Summer First: Elephant – time for fruit harvests, shipping to the mainland. 32 days.

Summer Second: Serpent – traditionally a time when the young are inducted into adult society, also a popular time for weddings. 29 days.

Summer Third: Raven – The heat of summer is wearing on, fruit and stores must be eaten now or prepared for long storage, festivals end the month, followed by a period of fasting. 36 days.

Autumn Equinox – winds shift

Autumn First: Dragon – Shifting weather patterns causes chaos at sea, wild storms. Also the beginning of the raiding season, and a period of fasting and introspection, cleaning and repairing. 29 days.

Autumn Second: Eagle – A time of intellectual endeavor and learning. Much shipping from the mainland, including grains and cattle. 32 days.

Autumn Third: Veil – As nights grow longer, traditional period of plays, storytelling, politics and assassination, and other secrets. 29 days.

Winter Solstice

Winter First: Turtle – The sun begins to return. Tools are repaired, fields are cleared in preparation for planting. 32 days.

Winter Second: Crystal Tower: Planting season. 29 days.

Winter Third: Crown of Wonders: Preparation for the oncoming monsoons, repair of homes, shoring up waterways and bridges. 32 days.

A normal year has 370 days in it. Every three years, Raven loses one of its days to keep the equinoxes and solstices from drifting out of their proper months.


RipperX said...

Wow, you really do now how to inflate my ego! I am glad that you are enjoying my articles, and I must say that I really like this webpage! It allows me to look at what is happening around the web at a glance, A tremendous resource!

I also liked your calendar suggestions, I could see some adventures taking place on a world that tries to do trade between two countries but they record time differently, it would lead to misunderstandings and short petty wars that could be fun! It would be interesting to see how the PCs choose to deal with it, of course first they have to discover the problem, and tracing it back to a simple problem with calendars could take a while!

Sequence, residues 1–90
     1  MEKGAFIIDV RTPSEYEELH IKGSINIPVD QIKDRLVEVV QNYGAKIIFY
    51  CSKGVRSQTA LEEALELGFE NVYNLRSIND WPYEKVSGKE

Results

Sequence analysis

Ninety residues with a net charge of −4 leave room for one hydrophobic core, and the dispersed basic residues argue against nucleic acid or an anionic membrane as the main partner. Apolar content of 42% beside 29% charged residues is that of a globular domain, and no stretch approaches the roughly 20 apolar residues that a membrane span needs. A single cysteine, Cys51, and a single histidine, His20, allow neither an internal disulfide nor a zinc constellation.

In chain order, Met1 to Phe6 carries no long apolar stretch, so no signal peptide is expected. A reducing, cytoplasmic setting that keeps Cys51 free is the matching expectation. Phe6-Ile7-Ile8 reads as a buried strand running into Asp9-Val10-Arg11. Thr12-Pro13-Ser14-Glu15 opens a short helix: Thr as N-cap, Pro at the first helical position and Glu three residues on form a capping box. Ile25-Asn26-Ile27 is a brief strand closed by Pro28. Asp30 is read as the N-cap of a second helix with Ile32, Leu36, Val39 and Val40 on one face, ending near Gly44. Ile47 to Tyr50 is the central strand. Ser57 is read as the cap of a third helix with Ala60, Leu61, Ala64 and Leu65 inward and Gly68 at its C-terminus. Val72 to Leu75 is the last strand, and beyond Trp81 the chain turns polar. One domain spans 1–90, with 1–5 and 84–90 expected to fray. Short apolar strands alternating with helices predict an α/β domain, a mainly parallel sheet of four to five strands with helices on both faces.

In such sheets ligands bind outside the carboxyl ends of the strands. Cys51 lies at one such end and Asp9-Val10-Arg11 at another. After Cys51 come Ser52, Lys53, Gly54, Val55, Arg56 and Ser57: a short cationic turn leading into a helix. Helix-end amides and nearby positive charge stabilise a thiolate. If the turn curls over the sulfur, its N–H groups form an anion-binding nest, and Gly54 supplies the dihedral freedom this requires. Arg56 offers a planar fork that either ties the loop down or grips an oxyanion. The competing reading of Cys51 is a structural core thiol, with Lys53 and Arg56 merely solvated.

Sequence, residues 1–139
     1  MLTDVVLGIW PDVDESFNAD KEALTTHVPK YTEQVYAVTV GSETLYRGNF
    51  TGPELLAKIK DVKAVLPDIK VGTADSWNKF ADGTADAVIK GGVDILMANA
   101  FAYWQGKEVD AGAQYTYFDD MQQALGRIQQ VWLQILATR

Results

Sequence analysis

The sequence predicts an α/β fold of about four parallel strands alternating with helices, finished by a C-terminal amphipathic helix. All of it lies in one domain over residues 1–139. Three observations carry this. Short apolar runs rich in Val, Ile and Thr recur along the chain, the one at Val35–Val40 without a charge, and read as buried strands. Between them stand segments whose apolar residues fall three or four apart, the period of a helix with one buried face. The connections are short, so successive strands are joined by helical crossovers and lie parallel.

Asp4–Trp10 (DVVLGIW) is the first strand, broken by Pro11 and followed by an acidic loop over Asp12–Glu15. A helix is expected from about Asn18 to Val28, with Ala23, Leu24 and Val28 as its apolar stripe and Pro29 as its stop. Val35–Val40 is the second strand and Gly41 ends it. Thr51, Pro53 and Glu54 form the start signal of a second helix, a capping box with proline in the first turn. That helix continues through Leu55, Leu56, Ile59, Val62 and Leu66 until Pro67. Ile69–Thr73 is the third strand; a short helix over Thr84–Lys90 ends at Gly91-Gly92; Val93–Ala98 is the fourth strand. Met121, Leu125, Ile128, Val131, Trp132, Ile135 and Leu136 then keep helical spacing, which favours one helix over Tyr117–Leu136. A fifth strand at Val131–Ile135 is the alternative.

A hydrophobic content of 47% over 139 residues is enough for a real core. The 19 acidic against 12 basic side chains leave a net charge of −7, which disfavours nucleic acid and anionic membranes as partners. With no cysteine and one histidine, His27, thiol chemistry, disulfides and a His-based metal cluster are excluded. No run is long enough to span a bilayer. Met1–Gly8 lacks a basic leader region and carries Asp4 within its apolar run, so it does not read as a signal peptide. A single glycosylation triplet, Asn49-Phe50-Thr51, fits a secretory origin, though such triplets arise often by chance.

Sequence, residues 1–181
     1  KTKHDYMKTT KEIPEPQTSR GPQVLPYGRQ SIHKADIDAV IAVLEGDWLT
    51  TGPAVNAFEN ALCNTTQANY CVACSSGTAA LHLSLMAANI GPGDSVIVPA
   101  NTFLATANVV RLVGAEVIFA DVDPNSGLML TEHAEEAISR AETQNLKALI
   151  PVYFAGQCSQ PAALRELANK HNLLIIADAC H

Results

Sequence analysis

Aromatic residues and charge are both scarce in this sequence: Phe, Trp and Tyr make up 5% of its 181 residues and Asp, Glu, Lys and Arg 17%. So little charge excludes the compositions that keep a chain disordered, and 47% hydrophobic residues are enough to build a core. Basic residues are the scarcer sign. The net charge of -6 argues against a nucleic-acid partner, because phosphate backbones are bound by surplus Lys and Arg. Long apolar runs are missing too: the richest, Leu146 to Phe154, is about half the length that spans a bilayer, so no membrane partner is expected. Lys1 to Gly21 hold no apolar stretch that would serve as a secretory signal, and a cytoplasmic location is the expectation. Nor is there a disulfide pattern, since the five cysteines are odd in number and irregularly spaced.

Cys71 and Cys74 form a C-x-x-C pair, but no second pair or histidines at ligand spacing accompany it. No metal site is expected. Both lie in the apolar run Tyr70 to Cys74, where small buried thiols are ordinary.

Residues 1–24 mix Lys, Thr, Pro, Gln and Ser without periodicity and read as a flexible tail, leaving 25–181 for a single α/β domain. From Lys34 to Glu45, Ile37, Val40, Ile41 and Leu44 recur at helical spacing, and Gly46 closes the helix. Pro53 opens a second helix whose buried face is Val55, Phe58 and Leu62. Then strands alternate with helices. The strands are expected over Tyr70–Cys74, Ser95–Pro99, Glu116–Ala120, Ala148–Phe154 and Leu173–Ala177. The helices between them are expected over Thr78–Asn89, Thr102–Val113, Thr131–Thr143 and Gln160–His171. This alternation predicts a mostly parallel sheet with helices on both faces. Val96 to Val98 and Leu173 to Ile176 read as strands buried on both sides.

trollsmyth said...

Hey, it's just the truth. :)

And thank you for the kind words. I'm trying to cover as much as I can, but it's amazing how much cool stuff there is out there that you just don't hear about. I'm hoping more of us will link to each other because the web is full of resources I'm only just now finding out about. And I know there's a lot more because my primary (though not only) focus is older versions of D&D. You know the web has to be just awash in, for instance, Exalted web pages I haven't even heard about.

I've been playing a lot with non-standard settings for my D&D games. The current one with my wife takes place on a world that's 90% covered with water, the seas are fresh water instead of salt, and the world is much warmer (imagine our world if global warming actually happened and there was enough ice to actually flood most of the land). So that's given me the chance to explore non-standard seasonal arrangements and how that might affect the calendar people use. I love your idea of two different peoples conflicting over calender confusions.

Now the real trick is trying to decide how subterranean peoples tell time. What does a svirfneblin or drow calender look like? Time is too important an economic issue to ignore, but what does time mean to people with no sun or moon, no seasons and no weather?

- Brian